The reporting of exploitation of seniors by a guardianship system that seems to mainly benefit the professional guardians has drawn state-wide attention and hopefully will lead to constructive changes.
A work group focusing on guardianship issues facing Florida’s courts and Florida’s seniors has been established by Florida Chief Justice Jorge Labarga. He noted that removing a person’s rights because they are no longer able to make independent decision is not an easy task for any judge.
The Palm Beach Post, Judge LaBarga’s hometown newspaper, reported extensively on guardianship, particularly how one judge and his wife benefitted. As a result of the coverage, Palm Beach County undertook an overhaul of the system and Circuit Judge Martin Colin announced his retirement. These developments were reported in The Palm Beach Post’s “Supreme Court chief justice tackles senior guardianship as complaints mount.”
Judge Colin’s wife Elizabeth Savitt continues to serve as a professional guardian despite growing complaints by the families of her incapacitated wards. She has taken tens of thousands of dollars from seniors’ bank accounts prior to judicial approval, the Post discovered.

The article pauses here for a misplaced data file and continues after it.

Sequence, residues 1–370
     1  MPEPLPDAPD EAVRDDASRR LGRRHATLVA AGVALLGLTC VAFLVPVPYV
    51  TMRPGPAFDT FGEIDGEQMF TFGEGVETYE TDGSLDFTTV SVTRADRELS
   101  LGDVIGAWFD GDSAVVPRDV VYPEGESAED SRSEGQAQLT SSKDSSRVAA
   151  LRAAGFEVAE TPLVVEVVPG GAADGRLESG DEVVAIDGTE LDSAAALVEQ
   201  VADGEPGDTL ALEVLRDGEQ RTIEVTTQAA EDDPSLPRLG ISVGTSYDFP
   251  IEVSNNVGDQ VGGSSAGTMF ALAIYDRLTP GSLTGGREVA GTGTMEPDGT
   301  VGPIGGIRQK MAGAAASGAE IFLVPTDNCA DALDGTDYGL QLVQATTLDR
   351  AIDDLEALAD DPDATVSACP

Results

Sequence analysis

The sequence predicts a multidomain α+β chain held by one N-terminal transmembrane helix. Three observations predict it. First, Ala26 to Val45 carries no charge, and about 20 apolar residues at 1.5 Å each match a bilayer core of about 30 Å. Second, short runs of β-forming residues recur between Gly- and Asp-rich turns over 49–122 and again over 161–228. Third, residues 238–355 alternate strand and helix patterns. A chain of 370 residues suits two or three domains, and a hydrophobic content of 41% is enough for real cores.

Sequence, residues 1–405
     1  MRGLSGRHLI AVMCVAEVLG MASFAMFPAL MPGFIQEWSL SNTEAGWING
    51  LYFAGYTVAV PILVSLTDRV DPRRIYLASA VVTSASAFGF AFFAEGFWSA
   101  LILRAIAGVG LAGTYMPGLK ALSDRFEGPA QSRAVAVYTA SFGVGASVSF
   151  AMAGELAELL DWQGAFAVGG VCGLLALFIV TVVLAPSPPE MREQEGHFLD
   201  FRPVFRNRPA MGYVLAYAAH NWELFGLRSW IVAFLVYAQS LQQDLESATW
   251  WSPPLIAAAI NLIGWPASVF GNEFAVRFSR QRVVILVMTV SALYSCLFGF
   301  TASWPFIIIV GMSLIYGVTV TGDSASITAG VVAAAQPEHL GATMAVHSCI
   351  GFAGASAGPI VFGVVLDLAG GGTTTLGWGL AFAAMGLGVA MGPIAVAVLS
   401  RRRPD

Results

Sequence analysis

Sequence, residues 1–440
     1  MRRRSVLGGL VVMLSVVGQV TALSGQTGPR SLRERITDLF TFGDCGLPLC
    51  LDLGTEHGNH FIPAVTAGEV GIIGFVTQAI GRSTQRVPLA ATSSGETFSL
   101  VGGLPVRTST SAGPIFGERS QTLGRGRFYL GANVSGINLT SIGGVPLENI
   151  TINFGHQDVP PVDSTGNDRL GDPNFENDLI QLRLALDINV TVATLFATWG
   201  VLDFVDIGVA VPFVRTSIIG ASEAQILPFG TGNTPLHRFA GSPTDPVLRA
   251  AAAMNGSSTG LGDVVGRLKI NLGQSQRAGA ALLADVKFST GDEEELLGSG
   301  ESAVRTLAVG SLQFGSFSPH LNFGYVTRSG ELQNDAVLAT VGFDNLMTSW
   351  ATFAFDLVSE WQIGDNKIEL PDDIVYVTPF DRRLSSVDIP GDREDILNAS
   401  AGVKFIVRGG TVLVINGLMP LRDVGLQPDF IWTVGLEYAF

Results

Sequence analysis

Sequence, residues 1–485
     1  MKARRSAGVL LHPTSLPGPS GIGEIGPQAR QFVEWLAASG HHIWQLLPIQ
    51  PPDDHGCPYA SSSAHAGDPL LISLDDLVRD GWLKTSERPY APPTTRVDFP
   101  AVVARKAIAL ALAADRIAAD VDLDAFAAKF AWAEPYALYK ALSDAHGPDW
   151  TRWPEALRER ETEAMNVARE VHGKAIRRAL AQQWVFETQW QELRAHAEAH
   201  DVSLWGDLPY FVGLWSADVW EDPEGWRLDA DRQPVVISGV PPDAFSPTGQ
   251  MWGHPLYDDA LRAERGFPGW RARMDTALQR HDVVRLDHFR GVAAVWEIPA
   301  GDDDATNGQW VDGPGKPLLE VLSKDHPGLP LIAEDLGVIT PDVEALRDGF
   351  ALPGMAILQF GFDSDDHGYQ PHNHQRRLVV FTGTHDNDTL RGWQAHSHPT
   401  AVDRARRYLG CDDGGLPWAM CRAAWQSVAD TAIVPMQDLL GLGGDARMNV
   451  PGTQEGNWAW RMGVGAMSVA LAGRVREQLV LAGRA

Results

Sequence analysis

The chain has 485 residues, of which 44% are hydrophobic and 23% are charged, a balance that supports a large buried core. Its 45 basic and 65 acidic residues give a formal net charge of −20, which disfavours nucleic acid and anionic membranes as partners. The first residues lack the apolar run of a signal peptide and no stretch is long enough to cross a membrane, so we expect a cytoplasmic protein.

The newspaper contacted numerous guardianship attorneys, all of whom said the state statute does not permit guardians to take fees prior to judicial approval.
The Guardianship Workgroup was established under the Court’s Judicial Management Council, which advises the chief justice and the Supreme Court on long-range issues concerning Florida’s judiciary. Labarga said in a press release that he organized the work group because guardianship caseloads are increasing in both number and complexity. He anticipates that more and more cases dealing with guardianship issues will make their way to court.
Individuals who are judged to be incapacitated by the court are appointed a guardian. If a family member isn’t available, a professional guardian will frequently be appointed and that person will have total control of the person’s finances, medical decisions, and housing. In Florida and in other states, professional guardians have been found to act in their own best interests rather than those of the incapacitated wards. The families of seniors have often been unable to battle professional guardians, who can hire high-powered attorneys paid for by the incapacitated senior.
State lawmakers have passed laws in the last two legislative sessions to increase the state’s regulation and oversight of guardians.
The group has been asked to examine common guardianship issues including restoration of capacity for the individual placed in a guardianship, and fees, which usually mean for the guardian and at least one attorney. The group was asked to provide an interim report to the Court by October 2017, with a final report requested by September 2018.
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